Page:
Difference Between Google Cloud Compute Engine and App Engine
Google Cloud Platform provides a wide range of computing services that target broad categories of user needs.
The Google Cloud Platform provides mainly 6 types of compute options: –
- App Engine
- Compute Engine
- Kubernetes Engine
- Cloud Functions
- Cloud Run
- VMware Engine
Now let’s talk about some of these services in brief.
The Compute Engine service is Google’s unmanaged compute service. We can think of Compute Engine as an Infrastructure as a Service (IaaS) offering by Google Cloud. As the service is unmanaged, it is our responsibility to configure, administer, and monitor the system. On Google’s side, they will ensure that resources are available, reliable, and ready for you to use. The main benefit in using compute engine is that you have complete control of the systems.
You can do the following when you build on Compute Engine:
- Create Virtual Instances, which is the smallest unit in the GCP project.
- Create instance groups to easily manage multiple instances together.
- Create virtual machine images.
The virtual machine instances running in zones assigned to them. Zones are data center-like resources. They are located within regions which is a geographical location. The zones are within a region are linked with low-latency and high bandwidth network connections.
Pros of Compute Engine:
- It offers the users complete control over the Virtual Machine instances.
- It is easy to set up, you can spin up a server within few minutes.
- The use of preemptive VM’s can reduce the cost by up to 80%.
- Set of predefined VM configurations and VM images are available ready to be used according to needs.
Cons of Compute Engine:
- Requires high expertise level, since everything needs to be installed and configured by yourself.
- Autoscaling is slower than App Engine.
- To enable monitoring, you need to install packages into the VM instances. No direct Stackdriver monitoring is possible.
The App Engine is Google’s Platform as a Service(PaaS) offering. It is a compute service that provides a managed platform for running applications. As this is a managed service, your focus should be on the application only and Google will manage the resources needed to run the application. Thus App Engine users have less to manage, but you will have less control over the compute resources. The applications hosted on App Engine are highly scalable and run reliably even under heavy load.
The App Engine supports the following languages:
The App Engine provides two types of runtime environments: standard and flexible.
- The Standard environment provides a secured and sandboxed environment for running applications and distributes requests across multiple servers to meet the demand. The applications run independently of the hardware, OS, and physical location of the server.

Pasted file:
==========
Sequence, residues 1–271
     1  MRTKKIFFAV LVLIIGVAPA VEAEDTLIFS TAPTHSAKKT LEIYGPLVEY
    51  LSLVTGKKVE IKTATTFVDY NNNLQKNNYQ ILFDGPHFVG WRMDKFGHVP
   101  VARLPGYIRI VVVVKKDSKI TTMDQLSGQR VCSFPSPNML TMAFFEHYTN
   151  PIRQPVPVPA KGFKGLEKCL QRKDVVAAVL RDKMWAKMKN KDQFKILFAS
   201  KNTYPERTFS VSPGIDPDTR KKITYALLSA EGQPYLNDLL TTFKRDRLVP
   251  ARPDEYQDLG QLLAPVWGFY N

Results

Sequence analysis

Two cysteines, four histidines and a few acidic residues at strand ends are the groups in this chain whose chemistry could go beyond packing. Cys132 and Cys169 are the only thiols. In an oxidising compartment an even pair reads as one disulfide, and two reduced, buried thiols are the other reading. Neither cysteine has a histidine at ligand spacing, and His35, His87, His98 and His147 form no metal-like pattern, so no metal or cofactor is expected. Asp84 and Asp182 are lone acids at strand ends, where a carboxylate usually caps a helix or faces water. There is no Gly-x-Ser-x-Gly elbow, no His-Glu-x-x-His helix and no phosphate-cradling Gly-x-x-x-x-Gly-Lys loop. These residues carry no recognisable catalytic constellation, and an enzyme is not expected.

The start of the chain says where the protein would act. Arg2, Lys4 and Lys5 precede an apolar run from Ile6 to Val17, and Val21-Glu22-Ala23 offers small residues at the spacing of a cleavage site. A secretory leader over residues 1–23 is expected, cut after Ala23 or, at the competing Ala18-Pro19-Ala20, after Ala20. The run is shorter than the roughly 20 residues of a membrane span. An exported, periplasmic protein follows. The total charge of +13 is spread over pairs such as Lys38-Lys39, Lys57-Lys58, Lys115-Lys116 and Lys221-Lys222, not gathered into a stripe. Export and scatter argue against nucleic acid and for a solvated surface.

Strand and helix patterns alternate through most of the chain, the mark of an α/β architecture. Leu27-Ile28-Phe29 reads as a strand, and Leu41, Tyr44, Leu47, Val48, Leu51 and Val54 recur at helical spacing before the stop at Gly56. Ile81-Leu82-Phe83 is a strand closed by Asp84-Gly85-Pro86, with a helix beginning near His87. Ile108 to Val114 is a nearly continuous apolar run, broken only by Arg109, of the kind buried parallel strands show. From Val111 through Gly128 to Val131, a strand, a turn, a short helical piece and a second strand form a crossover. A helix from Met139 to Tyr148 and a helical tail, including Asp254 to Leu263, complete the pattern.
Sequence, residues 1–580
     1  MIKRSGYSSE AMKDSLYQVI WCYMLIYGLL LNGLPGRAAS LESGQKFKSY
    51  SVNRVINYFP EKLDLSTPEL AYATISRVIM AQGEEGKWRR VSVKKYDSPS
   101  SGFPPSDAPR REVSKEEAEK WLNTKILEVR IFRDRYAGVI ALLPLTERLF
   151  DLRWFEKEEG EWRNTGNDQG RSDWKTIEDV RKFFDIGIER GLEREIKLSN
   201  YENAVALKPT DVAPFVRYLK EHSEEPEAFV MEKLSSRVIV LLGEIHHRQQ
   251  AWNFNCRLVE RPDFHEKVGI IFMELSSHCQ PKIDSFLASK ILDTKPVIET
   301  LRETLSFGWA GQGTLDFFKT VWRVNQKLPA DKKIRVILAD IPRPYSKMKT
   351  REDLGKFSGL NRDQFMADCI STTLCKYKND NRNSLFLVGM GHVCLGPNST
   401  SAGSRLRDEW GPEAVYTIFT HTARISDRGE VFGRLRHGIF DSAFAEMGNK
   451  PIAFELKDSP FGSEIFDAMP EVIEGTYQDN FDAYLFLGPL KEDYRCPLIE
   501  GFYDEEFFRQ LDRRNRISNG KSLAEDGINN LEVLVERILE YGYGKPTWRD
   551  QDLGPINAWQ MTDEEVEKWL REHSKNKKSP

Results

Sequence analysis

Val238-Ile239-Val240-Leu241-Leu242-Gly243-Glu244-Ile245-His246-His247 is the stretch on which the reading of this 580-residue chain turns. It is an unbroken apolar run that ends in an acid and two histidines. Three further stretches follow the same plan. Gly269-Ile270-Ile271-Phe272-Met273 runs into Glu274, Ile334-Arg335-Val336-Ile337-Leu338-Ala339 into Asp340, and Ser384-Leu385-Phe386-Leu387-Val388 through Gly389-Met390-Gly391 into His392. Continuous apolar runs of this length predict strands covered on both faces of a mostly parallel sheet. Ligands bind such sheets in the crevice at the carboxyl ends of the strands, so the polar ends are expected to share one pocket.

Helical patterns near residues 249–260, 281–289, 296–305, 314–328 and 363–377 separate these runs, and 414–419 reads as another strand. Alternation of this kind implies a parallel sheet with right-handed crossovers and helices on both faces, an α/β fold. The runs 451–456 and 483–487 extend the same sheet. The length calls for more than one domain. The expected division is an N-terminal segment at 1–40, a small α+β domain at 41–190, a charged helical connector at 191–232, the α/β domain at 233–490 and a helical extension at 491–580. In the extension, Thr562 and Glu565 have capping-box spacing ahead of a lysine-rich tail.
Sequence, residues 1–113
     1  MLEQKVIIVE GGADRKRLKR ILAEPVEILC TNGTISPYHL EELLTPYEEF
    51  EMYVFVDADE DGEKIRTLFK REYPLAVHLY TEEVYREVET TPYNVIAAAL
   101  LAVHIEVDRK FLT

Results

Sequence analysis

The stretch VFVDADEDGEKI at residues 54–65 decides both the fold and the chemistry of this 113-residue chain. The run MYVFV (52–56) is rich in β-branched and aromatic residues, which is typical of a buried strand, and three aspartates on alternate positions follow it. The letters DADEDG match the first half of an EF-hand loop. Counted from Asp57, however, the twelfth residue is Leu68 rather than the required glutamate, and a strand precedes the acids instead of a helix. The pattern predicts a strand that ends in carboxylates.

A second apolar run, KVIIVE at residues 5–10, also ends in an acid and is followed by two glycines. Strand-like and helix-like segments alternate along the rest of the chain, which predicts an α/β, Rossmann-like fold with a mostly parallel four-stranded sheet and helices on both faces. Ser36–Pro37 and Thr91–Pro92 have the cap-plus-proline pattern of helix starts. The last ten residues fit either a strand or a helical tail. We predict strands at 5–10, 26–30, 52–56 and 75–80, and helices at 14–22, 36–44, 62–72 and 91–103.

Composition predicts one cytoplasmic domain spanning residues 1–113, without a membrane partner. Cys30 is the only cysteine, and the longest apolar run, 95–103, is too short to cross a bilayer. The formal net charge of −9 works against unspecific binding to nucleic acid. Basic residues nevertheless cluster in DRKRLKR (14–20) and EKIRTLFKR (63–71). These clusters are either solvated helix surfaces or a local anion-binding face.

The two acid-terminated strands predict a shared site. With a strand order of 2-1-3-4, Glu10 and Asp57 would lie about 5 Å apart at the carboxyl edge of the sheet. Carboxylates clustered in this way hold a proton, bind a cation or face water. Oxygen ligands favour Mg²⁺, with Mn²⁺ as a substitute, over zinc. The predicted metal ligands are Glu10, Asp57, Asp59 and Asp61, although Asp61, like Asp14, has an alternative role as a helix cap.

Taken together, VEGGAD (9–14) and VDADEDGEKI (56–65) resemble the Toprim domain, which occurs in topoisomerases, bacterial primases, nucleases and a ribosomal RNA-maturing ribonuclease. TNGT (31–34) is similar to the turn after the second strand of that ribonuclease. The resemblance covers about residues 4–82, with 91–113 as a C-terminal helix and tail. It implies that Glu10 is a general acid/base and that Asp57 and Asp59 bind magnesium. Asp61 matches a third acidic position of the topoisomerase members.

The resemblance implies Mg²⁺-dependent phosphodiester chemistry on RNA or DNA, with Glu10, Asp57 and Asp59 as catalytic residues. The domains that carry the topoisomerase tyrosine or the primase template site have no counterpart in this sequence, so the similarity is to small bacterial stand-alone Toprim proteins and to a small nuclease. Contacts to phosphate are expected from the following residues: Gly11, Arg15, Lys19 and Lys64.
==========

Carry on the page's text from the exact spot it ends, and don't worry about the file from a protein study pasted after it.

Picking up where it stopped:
- The Flexible environment provides more options and control to the developers who want to use App Engine, but without the language constraints of the standard environment. It uses Docker containers as the basic building blocks. These containers can be auto-scaled according to load.
Pros of App Engine:
- You need to focus only on the application code, the rest of everything is managed by Google. Thus reducing management complexities.
- As it provides version management, thus it is easy to maintain and roll out versions of applications.
- It has faster autoscaling as the size of instances is smaller.
- Easy to deploy and monitor.
Cons of App Engine:
- It is more constrained as the instances are smaller, thus enabling fast autoscaling, but there can be cases when large applications require larger instances.
- As it is a fully managed service, the user has no control over the underlying infrastructure that may be required for some complex applications.
- It is expensive in the long run as the cost adds up quickly.
Difference between Compute Engine and App Engine:
|Compute Engine||App Engine|
|Service model||IaaS offering||PaaS offering|
|Type of Service||Unmanaged Service||Managed Service|
|Control over resources||More control and flexibility over resources||Less control over computing resources|
|Costs||Costs less than App Engine||Costs more than Compute Engine|
|Running Instances||When running application, at least one instance should be running||Can scale down to zero instances when no requests are coming|
|Use cases||Best for general computing workloads||Best for web-facing and mobile applications|
|Autoscaling||Slower autoscaling||Faster autoscaling|
|Security||Less secure than App Engine||Comparatively more secure than Compute Engine|